Kalema Boateng, a graduate student in the Public Administration program, is John Jay College’s second student to be accepted to the White House Internship Program. Boateng who majored in psychology, education, and women’s leadership at Barnard College said, “I’m excited and determined to do the best that I can. I know it’s going to be a lot of work, and I am grateful to the White House and to John Jay for this opportunity. I’m going to try to make John Jay proud and everyone who is supporting me.”
Director of the Center for Career & Professional Development Will Simpkins reflected on Boateng’s acceptance to the program, “The White House Internship Program is one of the most prestigious internships, and certainly one of the most competitive, available to college students in the United States. That Kalema Boateng successfully applied, interviewed, and was offered a position speaks tremendously of her professionalism. Kalema will bring our philosophy of ‘Educating for Justice’ to Washington.”
Boateng says that it was John Jay’s mission of “Educating for Justice,” its curriculum, outstanding faculty, and its diverse student body that drew her to the school. She decided to do a dual specialization in Operations and Emergency Management at John Jay because it would provide her with the broadest range of education in event/emergency management to increase her skills.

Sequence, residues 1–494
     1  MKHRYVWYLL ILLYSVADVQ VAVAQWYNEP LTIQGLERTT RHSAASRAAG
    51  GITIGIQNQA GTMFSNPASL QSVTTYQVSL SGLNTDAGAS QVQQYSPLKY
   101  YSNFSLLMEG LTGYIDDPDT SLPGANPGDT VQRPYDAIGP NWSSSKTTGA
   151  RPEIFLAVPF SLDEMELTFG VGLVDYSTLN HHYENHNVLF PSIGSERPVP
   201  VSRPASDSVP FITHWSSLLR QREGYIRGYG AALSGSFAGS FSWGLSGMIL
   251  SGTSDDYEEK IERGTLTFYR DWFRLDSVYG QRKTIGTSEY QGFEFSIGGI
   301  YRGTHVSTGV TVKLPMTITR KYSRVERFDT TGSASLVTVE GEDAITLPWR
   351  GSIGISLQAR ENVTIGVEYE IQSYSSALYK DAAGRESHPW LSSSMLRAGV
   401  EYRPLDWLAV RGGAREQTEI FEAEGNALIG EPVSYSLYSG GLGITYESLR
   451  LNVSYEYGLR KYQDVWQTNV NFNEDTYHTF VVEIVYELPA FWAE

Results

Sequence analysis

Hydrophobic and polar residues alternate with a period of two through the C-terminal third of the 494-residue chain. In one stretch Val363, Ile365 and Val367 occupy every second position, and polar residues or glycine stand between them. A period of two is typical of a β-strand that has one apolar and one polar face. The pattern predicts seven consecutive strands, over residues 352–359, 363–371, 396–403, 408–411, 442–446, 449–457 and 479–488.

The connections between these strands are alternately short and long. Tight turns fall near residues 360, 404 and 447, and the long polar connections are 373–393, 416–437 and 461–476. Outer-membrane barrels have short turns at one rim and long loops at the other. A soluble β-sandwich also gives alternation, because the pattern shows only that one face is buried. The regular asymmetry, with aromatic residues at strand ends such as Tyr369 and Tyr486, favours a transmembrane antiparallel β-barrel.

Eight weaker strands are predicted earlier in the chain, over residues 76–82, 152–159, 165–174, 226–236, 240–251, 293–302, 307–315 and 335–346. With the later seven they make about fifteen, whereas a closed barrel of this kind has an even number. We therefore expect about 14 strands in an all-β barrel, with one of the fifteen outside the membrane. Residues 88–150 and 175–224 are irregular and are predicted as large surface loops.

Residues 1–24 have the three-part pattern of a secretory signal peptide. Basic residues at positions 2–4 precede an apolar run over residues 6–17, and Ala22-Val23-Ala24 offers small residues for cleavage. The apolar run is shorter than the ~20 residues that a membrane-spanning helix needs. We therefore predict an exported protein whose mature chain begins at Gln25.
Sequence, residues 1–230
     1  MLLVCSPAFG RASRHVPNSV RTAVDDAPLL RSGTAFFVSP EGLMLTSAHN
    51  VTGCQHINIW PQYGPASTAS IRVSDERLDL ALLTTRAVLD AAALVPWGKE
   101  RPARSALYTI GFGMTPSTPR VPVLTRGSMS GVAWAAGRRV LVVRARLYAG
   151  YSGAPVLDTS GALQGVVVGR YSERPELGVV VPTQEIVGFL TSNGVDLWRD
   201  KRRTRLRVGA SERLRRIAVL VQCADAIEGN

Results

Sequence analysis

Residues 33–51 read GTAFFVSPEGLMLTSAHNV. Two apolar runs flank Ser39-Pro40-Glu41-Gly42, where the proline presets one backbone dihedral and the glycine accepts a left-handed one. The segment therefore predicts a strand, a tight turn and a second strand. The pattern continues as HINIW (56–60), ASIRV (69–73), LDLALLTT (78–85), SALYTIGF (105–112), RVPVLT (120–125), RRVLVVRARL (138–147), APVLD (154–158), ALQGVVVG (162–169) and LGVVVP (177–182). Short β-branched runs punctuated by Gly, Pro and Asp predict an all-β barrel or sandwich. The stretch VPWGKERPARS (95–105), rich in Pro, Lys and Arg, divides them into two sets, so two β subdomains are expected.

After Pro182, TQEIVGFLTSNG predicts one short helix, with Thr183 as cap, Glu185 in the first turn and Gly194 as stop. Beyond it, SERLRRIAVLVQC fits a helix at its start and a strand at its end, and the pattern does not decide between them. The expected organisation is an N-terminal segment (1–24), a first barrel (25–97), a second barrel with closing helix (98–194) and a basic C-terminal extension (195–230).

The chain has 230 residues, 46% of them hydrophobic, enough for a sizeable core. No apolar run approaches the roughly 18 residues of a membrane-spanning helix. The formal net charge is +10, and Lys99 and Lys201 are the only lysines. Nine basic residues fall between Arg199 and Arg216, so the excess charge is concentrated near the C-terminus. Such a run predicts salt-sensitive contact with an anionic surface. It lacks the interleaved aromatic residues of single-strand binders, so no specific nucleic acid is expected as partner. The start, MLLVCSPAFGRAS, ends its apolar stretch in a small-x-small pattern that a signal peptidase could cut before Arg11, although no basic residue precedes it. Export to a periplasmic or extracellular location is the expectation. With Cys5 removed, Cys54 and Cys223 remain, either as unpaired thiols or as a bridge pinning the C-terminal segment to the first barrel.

But, Boateng admits that her true passion is in youth advocacy, women’s leadership, and in helping women and people of color within underserved communities.
“My background made me interested in justice. I was born and raised in the South Bronx– one of the hardest communities in the Bronx. I’ve seen a lot of teenage pregnancies, high unemployment rates, drug related issues, high incarceration of youth and men of color. These experiences of my own life as well as the political and economic climate honed my interest and passion in public policy and in helping young girls.”
Boateng hopes that the White House Internship Program will help her reach her long term goals of securing a job in federal government which focuses on inner city issues affecting youth, particularly girls. Girls in the inner city, Boateng believes, are most affected by poor self image, self esteem, and the role that the media plays in influencing how girls and young women view themselves.
“I could not walk this earth without trying to help someone know their own rights and without knowing that I was representing justice,” said Boateng.
About John Jay College of Criminal Justice: An international leader in educating for justice, John Jay College of Criminal Justice of The City University of New York offers a rich liberal arts and professional studies curriculum to upwards of 15,000 undergraduate and graduate students from more than 135 nations. In teaching, scholarship and research, the College approaches justice as an applied art and science in service to society and as an ongoing conversation about fundamental human desires for fairness, equality and the rule of law. For more information, visit www.jjay.cuny.edu.
For more information, call:
Doreen Viñas-Pineda 212-237-8645